NPA rebels urged to work in oil palm plantation

Posted on May 19, 2014

DAVAO CITY -- Employment in an oil palm plantation could be an alternative livelihood for communist rebels, Mayor Rodrigo R. Duterte said.

Mr. Duterte said a Malaysian firm has expressed intention to establish up to 50,000 hectares of oil palm plantations all over Mindanao with the city’s Paquibato district, an area highly suitable to the crop, as a priority site.

However, Mr. Duterte admitted that Paquibato is a lair of the rebel group New People’s Army (NPA).

Thus, he plans to talk to Leoncio Pitao, alias Kumander Parago, to offer his proposal for the rebels to work in the proposed oil palm plantation and see if they want that type of life instead of living in the mountains and fighting the government.

There is no need for the rebels to surrender, Mr. Duterte told reporters. “Just stop the war, bury your arms and work,” he said.

Once an agreement with rebels is reached, the mayor vowed to talk to the Malaysian firm and will ask the company to provide employment only for Paquibato residents.

“This is a good opportunity for the rebels and if they agree to welcome the Malaysian investors and let them work peacefully in the area, then I will give this to them,” he said.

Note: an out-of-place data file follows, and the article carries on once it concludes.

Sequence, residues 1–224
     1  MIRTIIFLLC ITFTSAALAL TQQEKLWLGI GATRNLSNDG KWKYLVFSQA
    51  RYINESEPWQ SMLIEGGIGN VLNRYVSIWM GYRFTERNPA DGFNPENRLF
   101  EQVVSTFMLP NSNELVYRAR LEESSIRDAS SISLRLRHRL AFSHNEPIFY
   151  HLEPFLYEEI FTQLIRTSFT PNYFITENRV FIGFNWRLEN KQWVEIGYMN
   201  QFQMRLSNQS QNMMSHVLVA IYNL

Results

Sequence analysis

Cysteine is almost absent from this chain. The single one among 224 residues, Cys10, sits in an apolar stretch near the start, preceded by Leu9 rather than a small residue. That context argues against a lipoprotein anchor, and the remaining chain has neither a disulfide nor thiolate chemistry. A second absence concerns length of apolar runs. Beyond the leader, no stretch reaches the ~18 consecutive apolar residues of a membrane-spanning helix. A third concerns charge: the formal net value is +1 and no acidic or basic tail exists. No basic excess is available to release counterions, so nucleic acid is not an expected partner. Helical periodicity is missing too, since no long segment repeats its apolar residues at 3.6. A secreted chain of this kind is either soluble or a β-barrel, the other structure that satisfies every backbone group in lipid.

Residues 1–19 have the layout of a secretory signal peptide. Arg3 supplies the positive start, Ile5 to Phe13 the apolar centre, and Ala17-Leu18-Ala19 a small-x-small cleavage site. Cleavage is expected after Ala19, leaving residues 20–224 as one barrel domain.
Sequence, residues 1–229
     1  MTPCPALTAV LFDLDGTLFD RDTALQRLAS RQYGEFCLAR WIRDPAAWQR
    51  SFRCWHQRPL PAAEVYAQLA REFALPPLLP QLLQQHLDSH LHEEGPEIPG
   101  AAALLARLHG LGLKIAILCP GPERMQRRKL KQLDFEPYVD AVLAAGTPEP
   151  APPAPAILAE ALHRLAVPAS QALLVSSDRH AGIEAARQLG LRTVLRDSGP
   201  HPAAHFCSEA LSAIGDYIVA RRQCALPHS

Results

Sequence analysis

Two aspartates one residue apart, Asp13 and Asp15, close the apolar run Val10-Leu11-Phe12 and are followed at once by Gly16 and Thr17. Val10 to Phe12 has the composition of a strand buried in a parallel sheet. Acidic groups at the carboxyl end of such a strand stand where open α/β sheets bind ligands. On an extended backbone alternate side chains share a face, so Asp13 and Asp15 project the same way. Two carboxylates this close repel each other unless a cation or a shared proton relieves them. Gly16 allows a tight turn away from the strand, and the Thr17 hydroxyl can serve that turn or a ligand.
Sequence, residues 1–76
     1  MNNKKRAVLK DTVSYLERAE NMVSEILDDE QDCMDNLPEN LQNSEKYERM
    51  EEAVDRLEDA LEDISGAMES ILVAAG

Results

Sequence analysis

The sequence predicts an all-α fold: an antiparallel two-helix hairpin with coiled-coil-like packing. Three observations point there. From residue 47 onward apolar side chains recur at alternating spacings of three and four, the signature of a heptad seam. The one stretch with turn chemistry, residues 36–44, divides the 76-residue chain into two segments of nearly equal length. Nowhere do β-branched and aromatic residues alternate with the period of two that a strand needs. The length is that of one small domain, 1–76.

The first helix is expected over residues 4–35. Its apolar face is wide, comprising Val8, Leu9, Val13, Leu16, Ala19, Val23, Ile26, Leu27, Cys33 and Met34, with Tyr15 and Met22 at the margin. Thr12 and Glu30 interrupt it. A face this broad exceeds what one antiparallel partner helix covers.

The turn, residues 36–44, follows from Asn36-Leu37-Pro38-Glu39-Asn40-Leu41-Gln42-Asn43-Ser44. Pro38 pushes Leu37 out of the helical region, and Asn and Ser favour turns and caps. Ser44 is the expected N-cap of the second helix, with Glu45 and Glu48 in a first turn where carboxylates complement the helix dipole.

The establishment of an oil palm plantation in Paquibato is expected to spur economic growth in the area, which will address economic woes among the residents as well as the rebels.

Mr. Duterte said he could not blame the residents of Paquibato for supporting the rebels because they have lived in poverty for years. The only way to address their problem is to provide a livelihood opportunity for them and this is a good opportunity, he added.

Mr. Duterte, however, warned the rebels not to ask revolutionary taxes or exorbitant wages from the investors since minimum wage is fair enough. Paquibato is more than an hour’s drive from the city center.

Dr. Pablito P. Pamplona, secretary of the Davao Oriental oil palm development council, has urged the government to promote the crop among investors as it is a lucrative industry.

Among the member countries of the Association of Southeast Asian Nations, only the Philippines has not taken full advantage of the opportunity offered by oil palm with only 45,608 hectares planted to the crop compared with Thailand’s 625,000 hectares, Malaysia’s 4.5 million hectares and Indonesia’s 7.5 million hectares.

Mr. Pamplona said oil palm is an ideal crop for farmers who want to earn more because they can harvest within two and a half years. -- Carmencita A. Carillo